And it just makes logical sense. A system of presumed consent wouldn’t exist in a vacuum. It would interact with social and cultural mores. Express consent relies on people to take action, and people are lazy and unmotivated when there is no immediate or personal gain, even if they would make the right choice if pressed. Express consent also makes donating a “heroic” act that normal people can beg off. By contrast, presumed consent makes refusing donation the exceptional act, one that people will feel socially obligated to justify.
You probably won’t hear this very often on this blog, but Saskatchewan Premier Brad wall is doing the right thing. In November, Wall started floating the idea of implementing presumed consent in Saskatchewan. The main reason he’s pushing the issue is probably Saskatchewan’s dismal donor rates; they’re the lowest in the country at 8.8 (against the national average 18.2) – there were only 10 or 11 donors in the whole province in 2015. In the bizarro world of Saskatchewan politics, the NDP is actually opposing this proposal. Wall has an uphill struggle if he really wants to pull it off – for example, he’ll have to carefully word the legislation to avoid court challenges.
Which brings us to the most insidious gotcha of organ donation in Canada.
So you’re like me: You’ve registered as an organ donor, you’ve confirmed that the province recognizes your intent, so it’s all good right? Nope. Because it turns out that when you actually die, your family gets to veto your decision.
Yes, really. You can register with your province, you can keep the card in your wallet, you can fill out an end of life directive, you can even tattoo “I want to donate” across your fucking forehead… and all that could amount to nothing if your god-fearing next-of-kin decides you can’t get into Heaven without your pancreas.
This is not just a Canadian problem. Even Spain allows relatives to veto your (presumed) consent, and around 18% do (p. 50).
(As an aside, all of this is also related to another serious problem caused by irrational desire to preserve our bodies after death: we’re running out of cemetery space. Obviously Canada has a ton of space, so the issue isn’t as critical as it is in some other countries, but it is a problem in cities – for example, Calgary. Alternatives being considered are temporary internment (you get dug up and cremated after a year or so), and burying people in layers. Meanwhile, rational alternatives like cremation are becoming greener.)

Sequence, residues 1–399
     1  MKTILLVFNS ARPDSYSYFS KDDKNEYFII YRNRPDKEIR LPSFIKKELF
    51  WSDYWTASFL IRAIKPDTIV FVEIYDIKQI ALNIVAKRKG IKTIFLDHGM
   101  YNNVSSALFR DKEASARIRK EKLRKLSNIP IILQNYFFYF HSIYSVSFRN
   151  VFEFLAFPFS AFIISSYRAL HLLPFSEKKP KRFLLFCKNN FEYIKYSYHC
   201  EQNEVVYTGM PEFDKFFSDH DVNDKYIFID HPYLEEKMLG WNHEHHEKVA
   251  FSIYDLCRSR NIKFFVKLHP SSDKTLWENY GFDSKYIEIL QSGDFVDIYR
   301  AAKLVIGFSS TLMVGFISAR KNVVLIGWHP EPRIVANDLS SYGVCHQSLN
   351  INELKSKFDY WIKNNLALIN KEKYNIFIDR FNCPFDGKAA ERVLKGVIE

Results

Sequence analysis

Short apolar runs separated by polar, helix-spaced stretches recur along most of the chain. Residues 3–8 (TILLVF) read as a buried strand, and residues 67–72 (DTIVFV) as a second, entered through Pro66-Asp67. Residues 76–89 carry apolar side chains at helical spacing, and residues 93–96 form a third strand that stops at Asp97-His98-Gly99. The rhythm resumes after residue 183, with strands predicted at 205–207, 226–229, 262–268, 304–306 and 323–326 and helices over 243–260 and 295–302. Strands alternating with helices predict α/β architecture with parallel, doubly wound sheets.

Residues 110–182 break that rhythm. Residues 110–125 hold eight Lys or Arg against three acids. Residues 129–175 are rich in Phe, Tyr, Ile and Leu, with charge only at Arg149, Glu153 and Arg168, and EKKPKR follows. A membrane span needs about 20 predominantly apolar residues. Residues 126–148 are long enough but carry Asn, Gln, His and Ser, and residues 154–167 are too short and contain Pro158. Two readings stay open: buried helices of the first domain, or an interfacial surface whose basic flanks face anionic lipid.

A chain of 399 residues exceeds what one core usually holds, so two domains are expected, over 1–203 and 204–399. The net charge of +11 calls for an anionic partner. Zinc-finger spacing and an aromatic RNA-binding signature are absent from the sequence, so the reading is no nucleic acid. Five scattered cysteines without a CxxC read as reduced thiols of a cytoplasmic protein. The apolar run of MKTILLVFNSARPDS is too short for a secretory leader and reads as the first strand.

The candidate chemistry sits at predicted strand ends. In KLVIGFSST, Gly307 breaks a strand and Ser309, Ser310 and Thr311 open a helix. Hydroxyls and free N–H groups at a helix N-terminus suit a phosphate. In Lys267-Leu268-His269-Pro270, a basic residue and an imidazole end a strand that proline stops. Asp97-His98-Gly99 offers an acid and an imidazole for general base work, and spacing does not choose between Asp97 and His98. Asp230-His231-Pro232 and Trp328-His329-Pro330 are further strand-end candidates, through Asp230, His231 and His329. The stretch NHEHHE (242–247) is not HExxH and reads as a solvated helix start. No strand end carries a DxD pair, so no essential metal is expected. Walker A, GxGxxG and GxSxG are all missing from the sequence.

There is no rational reason to want to keep ownership of your organs after death, or even to keep your body intact at all. There is not going to be any rapture; God will not raising us bodily from our graves and ascending us into Heaven. On the other hand, there are very rational reasons for being identified as an organ donor, and that’s not even to mention the ethical reasons. There are particularly rational reasons for presuming consent for organ donation. And it just makes more sense that our laws are based on reality and reason rather than on ancient custom and religious belief.
So I would urge all humanists and atheists, and all reason-loving Canadians who base their decisions on evidence, to support presumed consent for organ donation. This battle will have to be fought province-by-province, but I suspect that once we get the ball rolling, things will pick up fast. For now, the focus should be on raising awareness and encouraging discussion. We have a lot of archaic, irrational attitudes to overcome.
In addition, I would urge support for the following:
- the creation of a national organ donor registry – or at the very least, linking all provincial and territorial organ donor registries effectively into a single registry;
- starting a dialogue about better ways to handle next-of-kin vetoing of one’s end-of-life wishes; and
- better (or at least more clearly laid out) procedures and infrastructure to help physicians facilitate donations.
All of these ideas should improve the donation and transplant system across Canada, and save lives.
As for you, personally, dear readers, there are steps you can take yourself.
First, make sure you are a registered organ donor in your province or territory. Until presumed consent becomes the norm, the onus is on us. The Canadian Transplant Society has helpfully set up a page with links to all provincial and territorial organ donor registries.
Second, consider filling out a “living will” – and advance healthcare directive. In it you should specify not only that you wish to donate your organs, but also that you do not want this wish to be overridden by family members. You may also want to include provisions about medical assistance in dying, to allow you a merciful death in the event that you are unable to consent at the time. I understand that this is not pleasant stuff to consider, but it’s better to consider these things and be ready when there’s a crisis than to have to figure it out – or worse, force your loved ones to figure it out – in the middle of an emotionally devastating crisis. CTS provides a simple form focused on organ donation. Dying With Dignity Canada provides much more advance care planning kits for each province and territory.
Finally, assign a substitute decision maker who can see that your wishes are carried out when you are unable to speak for yourself, and talk to them to make sure they understand what your wishes are. Remember, you can’t trust that your documented wishes will be honoured; in an emergency, your substitute decision maker will have full authority, and if you haven’t specified one, that will probably be your next-of-kin. It may not be someone you would trust to act in your interests. So designate a substitute decision maker – one that you trust – and make sure they know what your wishes are. DWD Canada’s advance care planning kits will walk you through all this.
These are tough issues to consider, but we can’t expect to denounce beliefs in gods and afterlives without confronting issues of death and dying. We should be ready to face these things with maturity and, yes, of course, with reason. As atheists, humanists, and freethinkers, organ donation should be a no-brainer, and presumed consent seems to be the logical, practical way to make that happen on a large scale. While it may not solve all the issues with organ and tissue donation in Canada, the evidence suggests that it will help. Even if it only helps to save one extra life a year, that would be an enormous victory.